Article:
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#60 The last conversation you'll ever need to have about maintaining routines

“And how often do you floss?”

Fuck. I hate this question. I close my mouth and sit up in the dentist chair as my brain quicly starts balancing the embarrassment of having to admit that actually, I do on some days struggle with the motivation to brush my teeth at all, and with the fact that being in healthcare myself, I know lying about the state of your body after a physical examination is absolutely futile.

“See, that's something I struggle with,” I say as I proceed to explain that while I do brush my teeth multiple times most days, flossing is an absolute nightmare I most often skip. I'm internally dying of shame.

“Well, actually, you only do need to brush once a day properly,” the dentist says.

Now, I'm going to explain how this statement genuinely has changed my life, but before that I just want to say: I am NOT a dentist, and the most I've researched teeth is for trivia on vampire fangs. This is not medical advice and please feel free to email me back with better information if I'm totally wrong. But for the time being, let me convey what my dentist said:

Teeth brushing and interdental cleaning can be done once a day properly, no need for mouthwash, just don't rinse your mouth after using toothpaste (this bit I've done for years, defo recommend). Use a high fluoride toothpaste, and you're good.

While I can never leave the house without brushing my teeth, I will shamefully admit, there are nights where if I've forgotten to bring my toothbrush into the shower with me, I just have no more willpower left in me to brush before going to bed. For flossing, this happens a lot more often.

If you've ever done this, you might have also fallen asleep to choruses of shame, guilt, embarrassment and painful self-hatred. “How will you ever get anything done?” “If only your parents could see you now” “They were all right about how useless you are”.

The interesting thing here is just how little help self-hatred has been in helping me stick to my routines. Because, let me be clear, when it comes to getting things done, self-hatred or terror of any kind is a sort of blessing. It guarantees that I send projects in time, study before exams, pay my bills, but before this I'd never fully considered not using it for things I need to do every day, for habits and softer goals. When it comes to going to the gym, buying my groceries, eating fruit or brushing my teeth, self-hatred has always there but it's never been enough to get those things done.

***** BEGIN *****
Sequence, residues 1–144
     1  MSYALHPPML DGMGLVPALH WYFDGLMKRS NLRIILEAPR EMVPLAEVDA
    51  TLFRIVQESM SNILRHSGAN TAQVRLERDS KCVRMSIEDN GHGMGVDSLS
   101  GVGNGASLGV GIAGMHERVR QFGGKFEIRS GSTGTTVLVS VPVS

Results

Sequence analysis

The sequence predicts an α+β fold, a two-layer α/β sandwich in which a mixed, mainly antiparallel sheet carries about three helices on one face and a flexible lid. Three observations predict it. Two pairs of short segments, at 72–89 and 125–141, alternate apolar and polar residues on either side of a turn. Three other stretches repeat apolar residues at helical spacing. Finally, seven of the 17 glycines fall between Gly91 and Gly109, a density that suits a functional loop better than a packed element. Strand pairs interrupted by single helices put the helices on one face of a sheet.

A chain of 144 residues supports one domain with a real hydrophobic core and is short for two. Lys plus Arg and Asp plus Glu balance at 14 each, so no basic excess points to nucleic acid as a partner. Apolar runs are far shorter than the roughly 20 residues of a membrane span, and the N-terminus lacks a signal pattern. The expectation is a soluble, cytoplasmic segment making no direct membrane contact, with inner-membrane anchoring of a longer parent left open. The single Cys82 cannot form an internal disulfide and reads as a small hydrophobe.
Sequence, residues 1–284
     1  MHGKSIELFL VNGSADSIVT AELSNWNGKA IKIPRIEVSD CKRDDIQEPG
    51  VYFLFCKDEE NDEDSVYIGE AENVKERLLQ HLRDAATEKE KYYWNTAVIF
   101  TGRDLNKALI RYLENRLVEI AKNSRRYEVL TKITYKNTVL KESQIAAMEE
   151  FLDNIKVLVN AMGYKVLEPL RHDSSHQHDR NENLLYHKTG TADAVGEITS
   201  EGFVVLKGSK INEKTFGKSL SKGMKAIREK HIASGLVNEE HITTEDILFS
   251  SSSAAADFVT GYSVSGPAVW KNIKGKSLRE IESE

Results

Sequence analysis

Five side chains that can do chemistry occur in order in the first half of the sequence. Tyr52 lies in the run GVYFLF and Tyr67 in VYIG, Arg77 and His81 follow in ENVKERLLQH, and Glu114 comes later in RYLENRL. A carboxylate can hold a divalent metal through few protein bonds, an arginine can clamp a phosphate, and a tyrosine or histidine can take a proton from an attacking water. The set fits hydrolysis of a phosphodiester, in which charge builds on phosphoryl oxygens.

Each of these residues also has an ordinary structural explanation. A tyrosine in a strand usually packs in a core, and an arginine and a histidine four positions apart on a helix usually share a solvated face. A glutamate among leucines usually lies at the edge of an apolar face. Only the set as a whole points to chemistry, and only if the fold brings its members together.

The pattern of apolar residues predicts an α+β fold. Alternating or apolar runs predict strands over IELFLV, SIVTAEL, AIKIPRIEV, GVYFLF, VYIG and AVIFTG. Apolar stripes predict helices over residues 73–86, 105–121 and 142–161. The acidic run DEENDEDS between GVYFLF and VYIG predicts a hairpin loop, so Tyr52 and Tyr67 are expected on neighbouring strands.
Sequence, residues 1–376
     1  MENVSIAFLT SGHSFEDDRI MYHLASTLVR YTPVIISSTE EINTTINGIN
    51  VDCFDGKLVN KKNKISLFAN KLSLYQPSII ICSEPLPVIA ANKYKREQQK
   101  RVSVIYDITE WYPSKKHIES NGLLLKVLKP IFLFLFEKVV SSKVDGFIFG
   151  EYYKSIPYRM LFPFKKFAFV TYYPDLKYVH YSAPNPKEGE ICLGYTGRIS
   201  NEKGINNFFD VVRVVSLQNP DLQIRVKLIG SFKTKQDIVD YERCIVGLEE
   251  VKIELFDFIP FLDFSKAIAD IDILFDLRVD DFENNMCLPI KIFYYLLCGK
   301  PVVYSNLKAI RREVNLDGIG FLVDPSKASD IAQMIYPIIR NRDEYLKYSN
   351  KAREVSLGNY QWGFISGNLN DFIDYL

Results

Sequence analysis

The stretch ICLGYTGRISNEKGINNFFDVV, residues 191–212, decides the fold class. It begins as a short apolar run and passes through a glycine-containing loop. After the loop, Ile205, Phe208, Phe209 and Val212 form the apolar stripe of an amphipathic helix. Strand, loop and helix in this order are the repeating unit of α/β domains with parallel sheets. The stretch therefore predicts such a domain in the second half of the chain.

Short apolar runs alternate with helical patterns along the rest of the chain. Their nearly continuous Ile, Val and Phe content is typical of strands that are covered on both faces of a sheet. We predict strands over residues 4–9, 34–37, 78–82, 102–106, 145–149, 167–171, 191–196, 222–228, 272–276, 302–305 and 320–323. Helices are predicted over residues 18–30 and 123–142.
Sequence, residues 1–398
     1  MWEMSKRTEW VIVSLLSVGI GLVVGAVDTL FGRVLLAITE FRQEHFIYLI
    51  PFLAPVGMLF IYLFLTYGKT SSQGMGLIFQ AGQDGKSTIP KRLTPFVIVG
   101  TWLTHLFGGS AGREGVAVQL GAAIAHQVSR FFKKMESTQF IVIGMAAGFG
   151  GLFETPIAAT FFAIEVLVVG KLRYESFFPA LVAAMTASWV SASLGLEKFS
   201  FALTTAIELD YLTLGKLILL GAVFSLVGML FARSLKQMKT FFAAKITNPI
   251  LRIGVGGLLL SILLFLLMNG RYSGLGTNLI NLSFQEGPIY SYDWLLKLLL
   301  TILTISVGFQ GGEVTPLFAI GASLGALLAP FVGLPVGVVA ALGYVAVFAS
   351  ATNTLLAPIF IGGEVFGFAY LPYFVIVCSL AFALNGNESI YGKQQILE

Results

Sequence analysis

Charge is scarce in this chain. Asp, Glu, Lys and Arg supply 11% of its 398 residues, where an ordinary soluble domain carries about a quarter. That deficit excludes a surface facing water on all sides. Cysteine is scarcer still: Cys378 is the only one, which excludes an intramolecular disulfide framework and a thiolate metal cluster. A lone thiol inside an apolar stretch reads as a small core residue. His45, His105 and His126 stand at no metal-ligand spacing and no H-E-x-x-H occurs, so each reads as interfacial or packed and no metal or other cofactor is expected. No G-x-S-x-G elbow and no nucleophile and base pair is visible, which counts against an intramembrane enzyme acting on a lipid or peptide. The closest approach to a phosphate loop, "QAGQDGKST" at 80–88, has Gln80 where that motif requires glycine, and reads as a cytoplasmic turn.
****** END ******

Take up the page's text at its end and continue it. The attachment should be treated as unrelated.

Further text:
The mindblowing thing however, is how this conversation changed me. I'd been internally deeply embarrassed for about 20 years that there were nights when I didn't brush my teeth. That there were days that I didn't floss. It's obviously not my biggest source of anxiety, but it definitely was there, contributing to that mountain of 'evidence' that I'm just a lot more useless an incapable than everyone else.

And suddenly I found out it wasn't true. That I was actually fine. That the baseline for health was a lot lower than I thought and that actually, I'm ok? And the craziness of this whole thing is that since then (three weeks ago), I've actually brushed and flossed every night, and kept brushing a couple times a day (not for hygiene, but I do like brushing between meals and before I leave the house). I've been tired, sad, angry, late into the night, yet not once unmotivated to do it, and it's just so unlike me, it's so new.

The reason I share this is that I've now been thinking what stupid high standards do I have for what an acceptable routine is? What do I think 'every adult should be doing' that isn't true? Now I think that while some 'anxiety' is helpful for deadlines, it turns out that swapping self-hatred for calmness actually works better when it comes to long term habits. Who would've known, I genuinely never thought I'd think in this way.

So maybe you think every self-respecting healthy adult 'never eats junk food', or 'eats 5 portions of fruit a day', or 'works out 5 times a week' or 'brushes and flosses twice a day' and so maybe it's time to actually look into that thought for a few minutes, call an expert or research it. Maybe knowing that the 'ideal' is a lot lower can help you get to your actual crazy expectation. Maybe save the pain for the rarer, shorter bursts of work.



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